The impact of fashion and its power socially has never been lost on Kirrikin founder and designer Amanda Healy.

From the Wonnarua nation, Healy debuted her new collection at Afterpay Australian Fashion Week on Tuesday night.

Her new collection, named Ripples, was inspired by the evolving cultural landscape of Australian society and how fashion has played its part.

“The new collection is called Ripples and refers to the ripples of change that have been occurring in the broader Australian community,” Healy said.

“The changes that we can see more often, more open mindedness about our history, and a willingness and interest to see social change for the better.

“It is also about the impact that fashion makes on us everyday, the way we interact with it in one way or another and it has the power to change views.

“Next year, we might be able to call the collection waves”

This collection is also a new iteration of Kirrikin’s Sunday’s best clothes, with a contrast of different silhouettes and structure Healy has not previously shown before.

“I’ve stretched myself this year and moved into day wear and some more tailored pieces,” Healy said.

“You will still see our flowing dresses, but I like the reach into day wear, something you could wear to work or out to dinner.”

Healy said she began Kirrikin in 2014 because she was inspired and annoyed about the lack of authentic Aboriginal fashion products.

“I could find no authentic Aboriginal products available, particularly scarves and ties, with no authentic connection to Aboriginal people,” she said.

“There was no transparency about how (Indigenous artists) were being paid.

“I also fell in love with much of the artwork I saw and knew I could make them into beautiful products.”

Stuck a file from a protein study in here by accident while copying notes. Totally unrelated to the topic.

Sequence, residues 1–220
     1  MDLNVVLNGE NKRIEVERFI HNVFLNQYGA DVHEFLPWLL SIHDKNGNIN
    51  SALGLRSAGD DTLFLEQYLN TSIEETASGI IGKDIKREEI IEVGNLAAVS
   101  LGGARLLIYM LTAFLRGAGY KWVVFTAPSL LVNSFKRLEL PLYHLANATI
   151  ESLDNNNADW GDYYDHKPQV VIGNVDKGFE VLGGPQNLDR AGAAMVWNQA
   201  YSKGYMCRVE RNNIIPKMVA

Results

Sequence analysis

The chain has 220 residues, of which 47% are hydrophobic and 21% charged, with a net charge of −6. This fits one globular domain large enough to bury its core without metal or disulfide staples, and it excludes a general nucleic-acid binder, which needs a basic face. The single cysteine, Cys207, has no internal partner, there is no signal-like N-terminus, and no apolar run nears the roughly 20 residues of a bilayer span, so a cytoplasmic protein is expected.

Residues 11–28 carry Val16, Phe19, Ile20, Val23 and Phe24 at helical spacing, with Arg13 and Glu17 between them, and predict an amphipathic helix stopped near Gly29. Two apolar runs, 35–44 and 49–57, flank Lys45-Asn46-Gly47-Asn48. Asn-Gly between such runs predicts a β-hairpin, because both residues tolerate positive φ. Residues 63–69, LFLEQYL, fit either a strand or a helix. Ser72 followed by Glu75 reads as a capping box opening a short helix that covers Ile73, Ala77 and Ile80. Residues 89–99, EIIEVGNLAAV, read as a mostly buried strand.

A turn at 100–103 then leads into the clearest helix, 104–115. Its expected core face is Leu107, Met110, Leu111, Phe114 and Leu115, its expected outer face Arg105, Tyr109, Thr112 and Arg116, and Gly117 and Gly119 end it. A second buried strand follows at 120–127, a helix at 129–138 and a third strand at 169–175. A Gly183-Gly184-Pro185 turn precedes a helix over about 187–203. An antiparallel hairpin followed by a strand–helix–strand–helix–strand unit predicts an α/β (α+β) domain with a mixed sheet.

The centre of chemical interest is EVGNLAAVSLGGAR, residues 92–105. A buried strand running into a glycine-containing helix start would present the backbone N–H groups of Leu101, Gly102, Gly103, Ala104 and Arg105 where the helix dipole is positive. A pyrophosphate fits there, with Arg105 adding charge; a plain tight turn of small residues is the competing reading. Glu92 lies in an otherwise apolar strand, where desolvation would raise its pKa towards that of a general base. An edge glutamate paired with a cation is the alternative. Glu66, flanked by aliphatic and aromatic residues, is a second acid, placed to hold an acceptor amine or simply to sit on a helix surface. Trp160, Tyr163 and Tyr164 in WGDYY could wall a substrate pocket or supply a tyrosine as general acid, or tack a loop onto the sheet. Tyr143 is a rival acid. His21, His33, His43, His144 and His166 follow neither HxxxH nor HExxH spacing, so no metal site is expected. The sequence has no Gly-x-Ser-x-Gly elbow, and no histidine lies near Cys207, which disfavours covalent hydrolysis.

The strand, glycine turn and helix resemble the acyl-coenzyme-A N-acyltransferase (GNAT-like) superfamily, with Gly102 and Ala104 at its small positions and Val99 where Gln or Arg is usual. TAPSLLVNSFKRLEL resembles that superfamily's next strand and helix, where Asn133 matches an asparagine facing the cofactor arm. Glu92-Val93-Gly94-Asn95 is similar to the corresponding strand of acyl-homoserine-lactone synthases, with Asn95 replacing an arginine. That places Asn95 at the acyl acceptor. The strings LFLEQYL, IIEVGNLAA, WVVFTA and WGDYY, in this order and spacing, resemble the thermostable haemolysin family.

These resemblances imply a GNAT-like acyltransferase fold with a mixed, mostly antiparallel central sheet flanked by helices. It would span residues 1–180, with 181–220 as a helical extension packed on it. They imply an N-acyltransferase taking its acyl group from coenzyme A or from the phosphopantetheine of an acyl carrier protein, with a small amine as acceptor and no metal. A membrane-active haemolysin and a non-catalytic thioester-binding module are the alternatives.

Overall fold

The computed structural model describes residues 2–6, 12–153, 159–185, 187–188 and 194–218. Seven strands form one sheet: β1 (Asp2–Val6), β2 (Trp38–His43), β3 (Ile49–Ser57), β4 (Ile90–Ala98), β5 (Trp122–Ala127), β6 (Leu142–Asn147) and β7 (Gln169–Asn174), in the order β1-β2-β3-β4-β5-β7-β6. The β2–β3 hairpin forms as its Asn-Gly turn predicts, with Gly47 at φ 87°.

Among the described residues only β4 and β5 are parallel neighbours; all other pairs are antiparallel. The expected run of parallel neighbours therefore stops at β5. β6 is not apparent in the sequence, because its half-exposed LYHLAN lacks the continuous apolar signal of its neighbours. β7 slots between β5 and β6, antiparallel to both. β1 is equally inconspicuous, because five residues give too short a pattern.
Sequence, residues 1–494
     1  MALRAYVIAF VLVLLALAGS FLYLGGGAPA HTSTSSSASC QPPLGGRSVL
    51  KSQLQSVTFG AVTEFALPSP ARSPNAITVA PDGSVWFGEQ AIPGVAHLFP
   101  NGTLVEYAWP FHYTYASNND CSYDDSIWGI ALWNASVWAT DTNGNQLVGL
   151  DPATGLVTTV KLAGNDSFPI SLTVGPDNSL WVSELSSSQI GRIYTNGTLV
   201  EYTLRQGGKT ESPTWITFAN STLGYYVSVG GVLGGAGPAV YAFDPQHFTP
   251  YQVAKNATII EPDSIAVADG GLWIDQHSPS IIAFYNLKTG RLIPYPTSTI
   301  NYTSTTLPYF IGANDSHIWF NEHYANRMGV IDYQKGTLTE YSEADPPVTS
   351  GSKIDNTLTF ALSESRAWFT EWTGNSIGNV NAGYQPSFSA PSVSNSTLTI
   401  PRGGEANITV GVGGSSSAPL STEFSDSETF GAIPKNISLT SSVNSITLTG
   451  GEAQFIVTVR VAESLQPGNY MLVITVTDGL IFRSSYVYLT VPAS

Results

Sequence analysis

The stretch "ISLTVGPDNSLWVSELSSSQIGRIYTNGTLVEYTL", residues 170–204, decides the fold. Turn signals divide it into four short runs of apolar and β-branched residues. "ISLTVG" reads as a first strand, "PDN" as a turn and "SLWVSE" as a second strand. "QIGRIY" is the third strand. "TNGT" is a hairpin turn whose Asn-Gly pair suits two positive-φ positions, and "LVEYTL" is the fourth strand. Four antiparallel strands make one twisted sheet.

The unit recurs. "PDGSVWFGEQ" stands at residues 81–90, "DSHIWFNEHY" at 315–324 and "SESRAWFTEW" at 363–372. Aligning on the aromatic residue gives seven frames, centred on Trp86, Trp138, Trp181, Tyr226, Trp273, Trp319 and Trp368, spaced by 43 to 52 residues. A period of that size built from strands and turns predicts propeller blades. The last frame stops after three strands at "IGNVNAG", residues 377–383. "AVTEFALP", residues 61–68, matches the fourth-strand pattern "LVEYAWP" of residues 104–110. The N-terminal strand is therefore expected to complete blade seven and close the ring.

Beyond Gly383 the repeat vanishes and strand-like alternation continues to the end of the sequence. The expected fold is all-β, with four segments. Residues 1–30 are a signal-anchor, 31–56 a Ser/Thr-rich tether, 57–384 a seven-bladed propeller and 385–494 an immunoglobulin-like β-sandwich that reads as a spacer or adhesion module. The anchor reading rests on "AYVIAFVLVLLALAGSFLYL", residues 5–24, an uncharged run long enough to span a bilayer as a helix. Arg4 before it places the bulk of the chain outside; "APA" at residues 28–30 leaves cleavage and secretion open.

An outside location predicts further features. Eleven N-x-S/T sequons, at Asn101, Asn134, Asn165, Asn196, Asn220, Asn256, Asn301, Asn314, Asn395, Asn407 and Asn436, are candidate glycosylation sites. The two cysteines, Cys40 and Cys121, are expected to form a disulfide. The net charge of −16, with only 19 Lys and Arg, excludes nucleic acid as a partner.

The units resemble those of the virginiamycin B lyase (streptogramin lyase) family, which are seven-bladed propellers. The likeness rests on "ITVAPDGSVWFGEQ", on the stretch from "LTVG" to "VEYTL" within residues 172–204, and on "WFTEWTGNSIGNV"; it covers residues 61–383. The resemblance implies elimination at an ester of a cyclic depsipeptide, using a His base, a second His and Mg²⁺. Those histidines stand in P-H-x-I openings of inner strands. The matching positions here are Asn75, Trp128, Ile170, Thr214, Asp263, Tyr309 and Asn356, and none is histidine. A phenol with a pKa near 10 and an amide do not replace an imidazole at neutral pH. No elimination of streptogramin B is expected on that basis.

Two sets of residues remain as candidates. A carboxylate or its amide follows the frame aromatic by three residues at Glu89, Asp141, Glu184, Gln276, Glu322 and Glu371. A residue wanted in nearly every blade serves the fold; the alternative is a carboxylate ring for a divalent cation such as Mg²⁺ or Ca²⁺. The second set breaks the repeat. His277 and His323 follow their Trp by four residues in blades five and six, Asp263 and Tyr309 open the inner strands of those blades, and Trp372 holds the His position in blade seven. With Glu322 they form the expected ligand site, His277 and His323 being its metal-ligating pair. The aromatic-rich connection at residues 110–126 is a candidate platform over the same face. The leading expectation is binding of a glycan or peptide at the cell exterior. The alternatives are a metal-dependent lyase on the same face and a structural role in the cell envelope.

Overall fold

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The two artists whose prints featured in the Ripples collection are Yaawaalway woman Jessica Tedim and Gambangurr woman Helena Geiger.

Healy said part of their processes of creating a new collection means looking at sustainable practices and sources of income for their artists.

“We use a digital printing process which uses less water and chemical than traditional techniques,” she said.

“We also use fabrics that break down easily.

“We want to create opportunities for our mob, in every part of the process and we are working at creating sustainable incomes for our artists.”

In Kirrikin’s future, Healy said she can only see more growth and better pay for Indigenous artists.

“I am hoping for continued growth and to confront and challenge current views of our people, culture and artworks,” she said.

“I would like to see us creating a much better income for our artists, I think they are worth every penny.

“Why not wear something that is not only beautiful, but does beautiful things for our community?”

AAFW ends Friday, May 13 with the First Nations Fashion + Design show.